Indian Navy Flight Ops Moving Forward

Turkish Weekly reports the following:

A MiG-29KUB two-seat naval fighter jet made the first touch-and-go landings last week on the Indian Navy aircraft carrier Vikramaditya, Sevmash shipyard said on Monday.

The ship is currently undergoing sea trials in the Barents Sea off the north coast of Russia.

The jet, piloted by navy test-pilots Col. Nikolai Diorditsa and Mikhail Belyaev, completed several approaches to the carrier and finally made a touch-and-go landing.

The Vikramaditya, formerly the Russian Navy’s Admiral Gorshkov, is to be handed over to India after the trials after a much-delayed refit.

The ship was extensively modified to undertake STOBAR (short takeoff but assisted recovery) operations with MiG-29K naval fighter aircraft, as well as receiving new air defense, communications and navigations systems.

Nice milestone, but let’s see how long it takes for them to fly a nine-cycle, 24-sorties-per-cycle kind of day — just another day for a Nimitz class carrier at sea.  Of course it’s perhaps a bit unfair to compare a STOBAR (rhymes with FUBAR — coincidence?) carrier with one with catapults; the point is the capability of the American Navy is hard fought and should be preserved as defense budgets get scrutinized like never before in the coming months.  Try flying an 800-mile airstrike with an organic package using a boat like the former Admiral Gorshkov.

Of course, India doesn’t necessarily care about the American Navy.  Whatdaya got, Pakistan?

  • HurS

    It’s not comparably to a Nimitz class carrier, so why even compare it to one? Not very impressive analysis, Defense Tech.

  • Ben

    See, there’s a real problem with measuring a country’s military strength by carrier capabilities. If it were 20-30 years ago, I’d have no argument, but in the modern age carriers are essentially $10+ billion dollar floating targets. With the growing prevalence of guided missiles, submarines, and stealth aircraft around the world carriers are becoming significantly less survivable. They work great for 3rd world countries, but they’d likely be some of the first things to go in a real fight.

  • Marcellus Hambrick

    The naval threat to India is China, not Pakistan. They need competent escorts as some of the defensive systems have been stripped from this ship during its refit.

  • EJ257

    This is meant to be a check against China. It’s funny, both this and the Shi Lang used to be ships in the same navy and now they’re facing off against each other on opposite sides.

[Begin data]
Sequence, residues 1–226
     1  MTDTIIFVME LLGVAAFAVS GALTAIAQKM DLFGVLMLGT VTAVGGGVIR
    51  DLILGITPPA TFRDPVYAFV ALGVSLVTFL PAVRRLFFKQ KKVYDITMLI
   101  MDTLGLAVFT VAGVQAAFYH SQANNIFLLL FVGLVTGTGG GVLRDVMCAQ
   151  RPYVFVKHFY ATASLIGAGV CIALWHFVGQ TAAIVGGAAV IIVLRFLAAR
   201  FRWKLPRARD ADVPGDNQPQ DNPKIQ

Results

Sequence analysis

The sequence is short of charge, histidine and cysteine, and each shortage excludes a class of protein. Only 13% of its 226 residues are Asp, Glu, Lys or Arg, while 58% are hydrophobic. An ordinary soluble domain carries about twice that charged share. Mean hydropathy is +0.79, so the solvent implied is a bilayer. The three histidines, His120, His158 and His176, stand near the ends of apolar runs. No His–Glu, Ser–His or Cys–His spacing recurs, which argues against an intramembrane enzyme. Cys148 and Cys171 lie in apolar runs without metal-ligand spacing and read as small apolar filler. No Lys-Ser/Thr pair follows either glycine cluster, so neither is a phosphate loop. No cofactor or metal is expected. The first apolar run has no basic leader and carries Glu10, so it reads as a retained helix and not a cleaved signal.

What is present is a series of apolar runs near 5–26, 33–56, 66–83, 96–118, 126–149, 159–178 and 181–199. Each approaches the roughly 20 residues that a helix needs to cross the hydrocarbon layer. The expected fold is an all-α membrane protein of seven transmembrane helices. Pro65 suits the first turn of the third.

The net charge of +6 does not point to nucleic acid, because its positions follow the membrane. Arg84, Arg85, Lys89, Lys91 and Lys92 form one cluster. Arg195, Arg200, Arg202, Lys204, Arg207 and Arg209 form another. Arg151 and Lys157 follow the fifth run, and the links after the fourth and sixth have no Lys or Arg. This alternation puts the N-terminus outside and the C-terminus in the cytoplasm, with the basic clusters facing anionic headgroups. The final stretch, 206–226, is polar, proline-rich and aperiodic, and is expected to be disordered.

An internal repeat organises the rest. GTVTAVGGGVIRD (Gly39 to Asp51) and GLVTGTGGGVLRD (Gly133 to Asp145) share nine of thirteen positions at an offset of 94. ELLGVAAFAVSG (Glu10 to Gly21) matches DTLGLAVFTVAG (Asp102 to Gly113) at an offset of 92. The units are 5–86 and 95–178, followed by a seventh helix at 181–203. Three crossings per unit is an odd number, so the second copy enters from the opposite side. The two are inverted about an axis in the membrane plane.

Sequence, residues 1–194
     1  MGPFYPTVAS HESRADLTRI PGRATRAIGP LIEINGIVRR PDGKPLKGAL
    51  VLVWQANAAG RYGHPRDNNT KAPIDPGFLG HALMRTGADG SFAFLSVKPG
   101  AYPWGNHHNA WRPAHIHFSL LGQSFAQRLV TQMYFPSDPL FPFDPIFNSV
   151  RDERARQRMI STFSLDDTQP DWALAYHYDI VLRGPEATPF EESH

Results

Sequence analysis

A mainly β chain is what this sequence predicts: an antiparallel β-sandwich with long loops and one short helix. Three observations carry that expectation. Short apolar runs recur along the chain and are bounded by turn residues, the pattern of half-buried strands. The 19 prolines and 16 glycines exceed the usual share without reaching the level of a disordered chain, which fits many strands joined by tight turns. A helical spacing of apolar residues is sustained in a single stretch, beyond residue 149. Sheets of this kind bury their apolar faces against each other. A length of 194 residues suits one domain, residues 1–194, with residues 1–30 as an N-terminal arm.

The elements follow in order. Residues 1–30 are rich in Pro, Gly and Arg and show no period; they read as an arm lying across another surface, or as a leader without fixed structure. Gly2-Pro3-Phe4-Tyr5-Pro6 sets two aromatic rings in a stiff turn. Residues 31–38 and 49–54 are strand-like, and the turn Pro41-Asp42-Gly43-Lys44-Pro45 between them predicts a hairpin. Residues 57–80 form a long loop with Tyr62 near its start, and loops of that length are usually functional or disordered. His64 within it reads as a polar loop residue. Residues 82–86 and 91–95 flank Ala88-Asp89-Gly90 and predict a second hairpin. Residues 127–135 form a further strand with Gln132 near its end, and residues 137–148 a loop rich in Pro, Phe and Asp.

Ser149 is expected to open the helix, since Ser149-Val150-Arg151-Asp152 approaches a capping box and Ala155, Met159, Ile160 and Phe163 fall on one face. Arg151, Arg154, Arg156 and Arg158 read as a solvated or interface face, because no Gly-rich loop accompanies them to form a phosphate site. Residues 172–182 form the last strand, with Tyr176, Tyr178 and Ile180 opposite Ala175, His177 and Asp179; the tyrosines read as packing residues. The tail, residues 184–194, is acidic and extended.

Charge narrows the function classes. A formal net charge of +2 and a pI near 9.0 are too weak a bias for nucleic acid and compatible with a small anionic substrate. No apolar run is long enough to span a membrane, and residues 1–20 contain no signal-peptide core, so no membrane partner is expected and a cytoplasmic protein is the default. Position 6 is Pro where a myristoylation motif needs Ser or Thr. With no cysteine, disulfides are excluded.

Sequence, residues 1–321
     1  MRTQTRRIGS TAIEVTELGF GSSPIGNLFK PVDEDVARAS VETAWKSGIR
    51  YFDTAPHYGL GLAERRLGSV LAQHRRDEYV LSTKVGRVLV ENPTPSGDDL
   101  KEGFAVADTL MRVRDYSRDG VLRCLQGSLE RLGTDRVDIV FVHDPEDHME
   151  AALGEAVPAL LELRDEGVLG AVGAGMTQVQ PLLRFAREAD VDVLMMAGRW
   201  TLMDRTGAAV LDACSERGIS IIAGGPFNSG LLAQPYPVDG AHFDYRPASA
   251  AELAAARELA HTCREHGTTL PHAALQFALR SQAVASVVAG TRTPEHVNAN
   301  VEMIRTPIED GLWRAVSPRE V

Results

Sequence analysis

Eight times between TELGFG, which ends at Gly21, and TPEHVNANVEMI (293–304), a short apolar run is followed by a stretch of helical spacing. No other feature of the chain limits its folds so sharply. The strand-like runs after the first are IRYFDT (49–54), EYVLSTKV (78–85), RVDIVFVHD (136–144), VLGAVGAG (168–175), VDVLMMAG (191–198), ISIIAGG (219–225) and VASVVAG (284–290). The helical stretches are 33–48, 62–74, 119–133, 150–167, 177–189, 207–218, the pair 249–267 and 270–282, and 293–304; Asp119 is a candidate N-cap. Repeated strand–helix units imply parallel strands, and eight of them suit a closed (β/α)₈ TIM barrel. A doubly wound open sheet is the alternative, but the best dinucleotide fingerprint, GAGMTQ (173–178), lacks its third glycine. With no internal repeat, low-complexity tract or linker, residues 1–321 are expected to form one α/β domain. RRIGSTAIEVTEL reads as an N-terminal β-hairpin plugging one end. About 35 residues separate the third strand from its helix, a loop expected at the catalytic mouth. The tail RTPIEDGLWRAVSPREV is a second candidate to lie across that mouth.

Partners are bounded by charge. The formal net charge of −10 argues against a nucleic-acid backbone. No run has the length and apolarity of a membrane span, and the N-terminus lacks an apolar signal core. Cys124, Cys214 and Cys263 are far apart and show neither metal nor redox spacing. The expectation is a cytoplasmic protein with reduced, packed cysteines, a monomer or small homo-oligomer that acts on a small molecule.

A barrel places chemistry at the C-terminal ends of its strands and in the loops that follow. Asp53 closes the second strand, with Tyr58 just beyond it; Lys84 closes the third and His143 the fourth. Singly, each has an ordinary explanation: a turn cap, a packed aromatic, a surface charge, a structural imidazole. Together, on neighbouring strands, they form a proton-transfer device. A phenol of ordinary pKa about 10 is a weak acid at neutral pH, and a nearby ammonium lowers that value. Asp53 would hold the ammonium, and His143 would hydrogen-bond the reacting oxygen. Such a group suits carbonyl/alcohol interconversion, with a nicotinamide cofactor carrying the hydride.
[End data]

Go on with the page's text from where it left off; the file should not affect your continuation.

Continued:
• blight_

      If the PRC wanted to check India, they’d likely invest in strategic bombers, fly over the mountains and bomb India.

      Going south out of regional waters into an area you don’t have bases in just to strike India seems a little crazy. Of course, it will happen if China wants to become a blue-water navy.

  • Lance

    India has surpassed China in the carrier game. They both have Flat Tops but India has air wings for them China doesn’t have any fixed wing planes for its carriers. Overall the MiG-29K is better for foreign carriers Russia dumped the Su-33 due to its hard to handle size and they have maintenance problems. The MiG-29 is compatible with the F-18 in multirole mission good for India. Russia following site Good to see a new job for the MiG.

    • blight_

      India has also had a carrier for a longer period of time. Granted, it was an older WW2-era carrier, but experience with a starter carrier counts in the short term.

    • Howie

      Sooo untrue. The Su-33 has allready seen its last overhaul, and its flying life hour are slowly but certain coming to an end. The Mig-29 are cheaper to maintain and operate, the K version was also a gesture to Mig RAC somewhat slow economic growt. The Deck fotprint of the Su-33 are in fact surprisely small.

      • blight_

        The -33 also had a terminated build, and as Americans have bitter experience with, once you terminate a production line, it often doesn’t make sense to reactivate it when you have alternatives in the pipeline.

        That said, the Indians are getting Gorshkov which is built on a Kiev hull, like Kiev and Minsk which the PRC has but never messed with. Their Varyag was the newest class, equivalent to the Kusnetsov still in service with the Russian fleet; but since it was largely incomplete when left in ordinary, it is more blank-slate than what the Indian Navy is getting: a teardown and rebuild of a Kiev.

  • tmb2

    Why is the author giving India a hard time? There are only a handful of nations that possess carriers to begin with and getting into the game isn’t easy, cheap, or quick. Congratulations to the Indian Navy for hitting another benchmark in their pursuit of this capability.

  • Hunter76

    There are 2 separate areas where STOVLs have advantages that can outweigh their costs: